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STL@PIT: Punto's RBI double puts Cards up in ninth

PITTSBURGH -- It's a baseball axiom, as true as it's ever been: You can watch a lifetime's worth of games and still see things for the first time.

The Cardinals' 6-4 win over the Pirates at PNC Park on Tuesday night was dotted with such firsts, but capped by one big second. For the second time in five days, it was Nick Punto driving in the game-winning run for the Cardinals in their final turn at bat. This time it was a one-out RBI double in the ninth inning against Pirates closer Joel Hanrahan.

The Cards kept pace with the Braves in the National League Wild Card race, remaining 4 1/2 games back with 14 games to play. Their elimination number in that race dropped to 10 thanks to Atlanta's win, however. With Milwaukee's 2-1 win over Colorado, St. Louis remained 6 1/2 back in the NL Central.

As for those firsts...

Albert Pujols committed three errors in a game for the first time in his big league career. Chris Carpenter successfully executed an appeal to third base on an apparent sacrifice fly. And in back-to-back innings, the Cardinals turned double plays on balls that could or should have gone as sac flies.

Just another night at the ball yard.

"When you play this game, crazy things can happen," Pujols said. "Strange things. At the end, I just flip the page and I'm glad we got the win and those three errors didn't cost us the loss. Carp made some great pitches when he needed to and got us out of the jams. He didn't lose his composure. He stayed out there and made some good pitches."

The Pirates' bullpen had shut down the Cards over the previous three-plus innings before Hanrahan stumbled in the ninth. Daniel Descalso poked a one-out single to start the rally and was removed for pinch-runner Tyler Greene. With Greene taking off to steal, Punto smacked a liner into the gap in left-center and Greene motored all the way around to score for the go-ahead run.

An error, an infield hit and a Pujols sacrifice fly added an insurance run for the Cardinals. Jason Motte finished it off for his sixth save.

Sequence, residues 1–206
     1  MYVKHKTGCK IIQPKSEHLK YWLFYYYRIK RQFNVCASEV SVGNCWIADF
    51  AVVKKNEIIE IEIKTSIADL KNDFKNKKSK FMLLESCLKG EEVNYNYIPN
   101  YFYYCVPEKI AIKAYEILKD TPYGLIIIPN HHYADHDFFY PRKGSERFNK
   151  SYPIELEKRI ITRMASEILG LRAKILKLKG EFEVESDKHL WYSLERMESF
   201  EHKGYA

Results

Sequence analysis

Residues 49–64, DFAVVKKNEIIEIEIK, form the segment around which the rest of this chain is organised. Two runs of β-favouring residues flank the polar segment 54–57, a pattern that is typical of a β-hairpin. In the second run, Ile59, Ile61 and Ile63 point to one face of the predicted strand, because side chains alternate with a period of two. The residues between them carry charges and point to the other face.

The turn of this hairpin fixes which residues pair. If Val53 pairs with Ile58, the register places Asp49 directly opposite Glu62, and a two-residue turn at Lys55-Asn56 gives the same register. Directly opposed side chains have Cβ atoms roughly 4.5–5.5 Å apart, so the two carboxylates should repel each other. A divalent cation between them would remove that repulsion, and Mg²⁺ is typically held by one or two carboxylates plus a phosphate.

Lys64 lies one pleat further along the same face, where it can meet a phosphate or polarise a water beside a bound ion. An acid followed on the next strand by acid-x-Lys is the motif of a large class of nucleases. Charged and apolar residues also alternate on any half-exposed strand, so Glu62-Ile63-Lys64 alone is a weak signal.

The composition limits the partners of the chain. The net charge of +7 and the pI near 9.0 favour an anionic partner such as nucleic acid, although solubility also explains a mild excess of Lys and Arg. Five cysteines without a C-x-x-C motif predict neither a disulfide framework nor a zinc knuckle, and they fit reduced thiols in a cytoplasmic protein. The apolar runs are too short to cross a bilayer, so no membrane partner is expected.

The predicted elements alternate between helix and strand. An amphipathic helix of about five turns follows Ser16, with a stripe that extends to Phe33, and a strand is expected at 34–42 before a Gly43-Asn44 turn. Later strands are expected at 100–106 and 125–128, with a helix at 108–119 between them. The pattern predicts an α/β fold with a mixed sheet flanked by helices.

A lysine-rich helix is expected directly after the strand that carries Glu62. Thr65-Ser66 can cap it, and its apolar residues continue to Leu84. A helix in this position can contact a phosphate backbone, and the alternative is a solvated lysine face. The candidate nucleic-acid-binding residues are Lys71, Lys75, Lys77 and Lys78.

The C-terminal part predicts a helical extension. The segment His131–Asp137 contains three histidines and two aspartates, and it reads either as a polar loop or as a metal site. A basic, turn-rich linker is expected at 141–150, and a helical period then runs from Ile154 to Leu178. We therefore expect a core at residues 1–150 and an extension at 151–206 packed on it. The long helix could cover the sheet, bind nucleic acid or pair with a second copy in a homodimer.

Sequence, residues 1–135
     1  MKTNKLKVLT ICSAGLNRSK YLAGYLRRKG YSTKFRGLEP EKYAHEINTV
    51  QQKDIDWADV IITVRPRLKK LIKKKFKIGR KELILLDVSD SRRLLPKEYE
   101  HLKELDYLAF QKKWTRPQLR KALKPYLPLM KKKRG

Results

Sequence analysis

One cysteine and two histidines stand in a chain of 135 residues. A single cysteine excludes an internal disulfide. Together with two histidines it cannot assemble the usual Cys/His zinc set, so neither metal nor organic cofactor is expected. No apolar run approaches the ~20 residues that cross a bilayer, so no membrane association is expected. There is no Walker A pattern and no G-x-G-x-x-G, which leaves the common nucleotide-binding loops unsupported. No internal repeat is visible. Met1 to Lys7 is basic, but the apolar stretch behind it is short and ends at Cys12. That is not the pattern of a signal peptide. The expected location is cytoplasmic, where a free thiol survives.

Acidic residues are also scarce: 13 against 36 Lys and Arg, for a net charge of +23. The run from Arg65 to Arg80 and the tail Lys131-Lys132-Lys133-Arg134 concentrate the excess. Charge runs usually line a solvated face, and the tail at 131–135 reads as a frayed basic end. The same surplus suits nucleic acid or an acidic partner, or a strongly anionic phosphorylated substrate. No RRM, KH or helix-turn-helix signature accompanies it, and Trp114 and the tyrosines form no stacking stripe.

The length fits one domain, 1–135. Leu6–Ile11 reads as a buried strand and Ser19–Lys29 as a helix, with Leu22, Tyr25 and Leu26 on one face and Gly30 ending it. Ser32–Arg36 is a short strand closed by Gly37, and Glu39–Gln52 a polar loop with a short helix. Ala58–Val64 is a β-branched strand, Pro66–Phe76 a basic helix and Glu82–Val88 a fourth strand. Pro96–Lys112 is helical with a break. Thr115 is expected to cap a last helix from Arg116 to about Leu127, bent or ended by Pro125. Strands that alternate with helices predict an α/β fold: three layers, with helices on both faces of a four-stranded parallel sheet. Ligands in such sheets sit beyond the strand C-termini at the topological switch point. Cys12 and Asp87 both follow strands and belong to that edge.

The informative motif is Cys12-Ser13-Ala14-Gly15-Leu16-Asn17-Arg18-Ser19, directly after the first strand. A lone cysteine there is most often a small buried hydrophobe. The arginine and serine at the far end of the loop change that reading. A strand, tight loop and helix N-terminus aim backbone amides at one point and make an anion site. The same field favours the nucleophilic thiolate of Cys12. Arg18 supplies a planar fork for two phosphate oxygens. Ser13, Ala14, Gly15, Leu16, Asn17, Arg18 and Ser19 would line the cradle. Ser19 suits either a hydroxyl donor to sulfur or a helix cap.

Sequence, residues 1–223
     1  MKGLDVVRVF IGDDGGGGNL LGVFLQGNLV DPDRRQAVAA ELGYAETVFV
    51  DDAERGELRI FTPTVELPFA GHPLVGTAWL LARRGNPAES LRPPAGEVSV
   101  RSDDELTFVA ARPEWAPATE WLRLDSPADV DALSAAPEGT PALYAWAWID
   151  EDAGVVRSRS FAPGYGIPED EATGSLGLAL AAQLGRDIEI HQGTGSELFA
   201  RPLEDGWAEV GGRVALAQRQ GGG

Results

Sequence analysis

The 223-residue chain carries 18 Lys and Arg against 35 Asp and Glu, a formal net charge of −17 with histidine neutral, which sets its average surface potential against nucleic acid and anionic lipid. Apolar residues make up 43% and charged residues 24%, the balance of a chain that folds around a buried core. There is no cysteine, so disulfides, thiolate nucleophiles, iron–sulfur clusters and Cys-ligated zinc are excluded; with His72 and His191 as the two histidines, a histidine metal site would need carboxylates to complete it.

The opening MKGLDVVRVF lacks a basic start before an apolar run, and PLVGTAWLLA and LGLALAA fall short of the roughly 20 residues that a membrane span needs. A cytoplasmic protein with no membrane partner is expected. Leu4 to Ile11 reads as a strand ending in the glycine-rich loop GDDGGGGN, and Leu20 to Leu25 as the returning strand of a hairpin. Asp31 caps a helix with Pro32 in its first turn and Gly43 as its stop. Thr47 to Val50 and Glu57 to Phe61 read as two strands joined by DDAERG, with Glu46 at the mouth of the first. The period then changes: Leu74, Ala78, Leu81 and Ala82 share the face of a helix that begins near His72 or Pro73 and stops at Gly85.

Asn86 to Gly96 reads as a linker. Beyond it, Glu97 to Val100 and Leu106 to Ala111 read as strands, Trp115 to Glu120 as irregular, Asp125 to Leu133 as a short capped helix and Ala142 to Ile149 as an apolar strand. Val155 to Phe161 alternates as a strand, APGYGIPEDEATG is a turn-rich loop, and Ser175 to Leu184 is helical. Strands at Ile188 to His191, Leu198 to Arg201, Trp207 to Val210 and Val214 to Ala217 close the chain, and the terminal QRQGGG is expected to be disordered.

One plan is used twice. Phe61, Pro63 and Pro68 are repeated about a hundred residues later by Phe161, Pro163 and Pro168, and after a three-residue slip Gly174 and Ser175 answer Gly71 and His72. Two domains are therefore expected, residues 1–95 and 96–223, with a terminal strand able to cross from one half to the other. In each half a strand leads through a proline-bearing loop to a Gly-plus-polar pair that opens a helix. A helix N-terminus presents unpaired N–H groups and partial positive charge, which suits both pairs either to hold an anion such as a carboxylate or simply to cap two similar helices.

The Cards had let a 4-2 lead get away when Andrew McCutchen hit a mammoth homer against Carpenter in the seventh, tying the game and denying Carpenter a win on the day he agreed to a new contract. Carpenter was reached for four runs over seven innings, and had to work hard in just about every one of those frames.

The Cardinals, meanwhile, did plenty of damage early against starter Jeff Karstens but couldn't touch the Pittsburgh bullpen until the ninth. Carpenter's two-run single highlighted a three-run second, but the inning could well have been bigger. Rafael Furcal and Jon Jay both grounded out with two on, ending the threat. Still it was three runs, often enough for Carpenter.

"I walked [Skip] Schumaker and then it was a tumble effect," Karstens said. "More than anything, I didn't make pitches. I fell behind and gave them good pitches to hit and they did it."

In the fifth, Jay rapped an RBI double, but after putting two men on with no out, St. Louis added no more. Karstens struck out Matt Holliday and was pulled, and manager Clint Hurdle's quick hook paid off immediately when Lance Berkman hit into a double play against Daniel Moskos.

The Cardinals twice benefited from strange plays on potential or apparent sacrifice flies. In the fifth, Derrek Lee hit a ball to right that seemed to score Pedro Ciriaco from third, but the Cards appealed that the rookie shortstop had left early, and their appeal was upheld. Instead of a critical third run, it went for an inning-ending double play. Pirates manager Clint Hurdle was ejected for arguing that call.

An inning later, with men on first and third and one out, Josh Harrison hit a fly to shallow right. Ryan Doumit, standing on third, never even tried to test Berkman on the play. When Pujols cut off Berkman's throw, he was able to chase down Garrett Jones, who had strayed into no man's land off of first base.

It was a bit of redemption for Pujols, because his two errors on the play before had set up the first-and-third situation. He couldn't corral Jones' grounder to him, and after he picked up the ball, his throw to the base got away, allowing Doumit to go to third.

"I knew Lance was pretty short, and he gave me a good throw," Pujols said. "That's something that you practice in Spring Training, hit the cutoff man. If he would have thrown that ball over my head, you would have had second and third right there and two outs. So he hit the cutoff man, and my job was to try and cut the ball and get that runner."

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